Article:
AnotherQ : Queue; if TheQueue = AnotherQ then Put_Line("eq"); else Put_Line("ne"); end if;
if QQPack."="(TheQueue,AnotherQ) then

Some Extra Goodies On the right, in the first frame, we see three possible additions to public part of the package specification (they could be placed right after Remove). The corresponding additions to the package body are below the line.

The first two functions Empty and Full are trivial but, and this is important, the client can not write these functions since they use the private object NItems. With these two functions added, users can either test for full and empty themselves or can ignore the problem and process any QueueFull and QueueEmpty exceptions that occur.

The third function "=" is the equality comparison function. It simply checks that the two given queues have the same number of items and that corresponding items are equal. In Ada, when you define an equality predicate, as we did, the system automatically defines the corresponding inequality predicate.

If the user of QQPack includes a use QQPack statement, then the equality and inequality operators on Queues can be written simply as = and /=. For example, the third frame to the right contains inserts to the client code to utilize the queue equality predicate. First we define AnotherQ and then compare it to TheQueue. If no use statement is given, the if statement must be written as shown in the last frame.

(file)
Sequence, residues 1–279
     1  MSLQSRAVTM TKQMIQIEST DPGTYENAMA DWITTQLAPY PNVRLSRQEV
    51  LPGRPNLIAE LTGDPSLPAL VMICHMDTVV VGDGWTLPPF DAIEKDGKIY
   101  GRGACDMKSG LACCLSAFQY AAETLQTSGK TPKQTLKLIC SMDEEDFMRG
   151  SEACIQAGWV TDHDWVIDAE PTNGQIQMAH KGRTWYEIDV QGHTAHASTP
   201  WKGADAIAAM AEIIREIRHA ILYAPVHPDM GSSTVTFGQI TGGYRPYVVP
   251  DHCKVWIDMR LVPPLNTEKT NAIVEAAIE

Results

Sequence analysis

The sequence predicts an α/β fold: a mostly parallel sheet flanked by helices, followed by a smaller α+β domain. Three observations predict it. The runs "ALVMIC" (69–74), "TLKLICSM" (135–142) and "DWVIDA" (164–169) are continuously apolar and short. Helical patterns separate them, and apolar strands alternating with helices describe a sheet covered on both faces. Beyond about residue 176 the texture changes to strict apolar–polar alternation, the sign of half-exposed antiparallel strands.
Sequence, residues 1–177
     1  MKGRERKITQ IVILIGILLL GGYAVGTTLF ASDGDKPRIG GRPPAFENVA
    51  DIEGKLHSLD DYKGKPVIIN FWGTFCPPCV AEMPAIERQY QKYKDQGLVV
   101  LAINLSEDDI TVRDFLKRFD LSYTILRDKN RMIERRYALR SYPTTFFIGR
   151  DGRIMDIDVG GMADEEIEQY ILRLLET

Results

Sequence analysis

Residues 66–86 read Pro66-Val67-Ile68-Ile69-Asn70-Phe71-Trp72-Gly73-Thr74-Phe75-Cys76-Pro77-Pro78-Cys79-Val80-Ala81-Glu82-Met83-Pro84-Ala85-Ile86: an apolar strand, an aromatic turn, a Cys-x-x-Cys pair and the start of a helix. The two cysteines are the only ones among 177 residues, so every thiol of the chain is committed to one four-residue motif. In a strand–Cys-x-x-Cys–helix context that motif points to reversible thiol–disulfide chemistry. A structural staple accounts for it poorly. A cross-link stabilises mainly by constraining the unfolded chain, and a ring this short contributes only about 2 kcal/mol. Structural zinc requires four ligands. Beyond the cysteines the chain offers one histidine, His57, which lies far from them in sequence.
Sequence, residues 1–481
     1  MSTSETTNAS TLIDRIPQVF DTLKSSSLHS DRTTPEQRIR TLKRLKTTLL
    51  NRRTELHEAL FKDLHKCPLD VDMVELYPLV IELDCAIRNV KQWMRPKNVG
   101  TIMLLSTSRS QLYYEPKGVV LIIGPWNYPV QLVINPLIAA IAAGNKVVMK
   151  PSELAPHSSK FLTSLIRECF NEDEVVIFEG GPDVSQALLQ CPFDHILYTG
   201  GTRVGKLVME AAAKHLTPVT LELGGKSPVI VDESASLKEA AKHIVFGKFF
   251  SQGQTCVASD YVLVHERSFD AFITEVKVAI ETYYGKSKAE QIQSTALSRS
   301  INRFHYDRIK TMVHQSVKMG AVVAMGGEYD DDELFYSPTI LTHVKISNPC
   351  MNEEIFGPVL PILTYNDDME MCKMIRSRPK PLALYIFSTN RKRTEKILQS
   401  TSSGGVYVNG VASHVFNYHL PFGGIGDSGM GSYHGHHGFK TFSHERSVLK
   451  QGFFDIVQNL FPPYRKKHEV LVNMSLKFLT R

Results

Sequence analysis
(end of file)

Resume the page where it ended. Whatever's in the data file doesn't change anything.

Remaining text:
Why Are They All Equal Size Queues of Floats? Because we haven't learned about Ada generics ... yet.

namespace stack {
    void push (char);
    char pop();

#include <stdio.h> #include "stack.h" namespace stack { const unsigned int MaxSize = 50; char item[MaxSize]; unsigned int NItems = 0; void push (char c) { if (NItems >= MaxSize) printf("Stack overflow!\n"); item[NItems++] = c; } char pop () { if (NItems <=0) printf("Stack underflow!\n"); return item[--NItems]; } }
#include "stack.h" int main(int argc, char *argv[]) { stack::push('c'); if (stack::pop() != 'c') return 1; return 0; }
using namespace stack;
using stack::push;

A Simple One-Stack C++ Namespaces

Namespaces are a late addition to C++ that serve some of the same functions as Ada packages. They encapsulate related entities and privatize names. This privatization permits a developers of a namespace to define "namespace global" names such as error_count without fear of clashing with other namespaces.

On the right we see three programs stack.h, stack.cpp, and main1.cpp, that correspond to the familiar specification, implementation, client usage pattern we used above with Ada. Indeed, the pieces do correspond roughly to their Ada counterparts.

One difference between modules in the two language is that C++ is more filename oriented. Whereas in ada the client asked for the name of the package; in C++, the client includes the file by filename. Although no one would do it, I tried replacing all occurrences of stack.h with x.y and everything worked.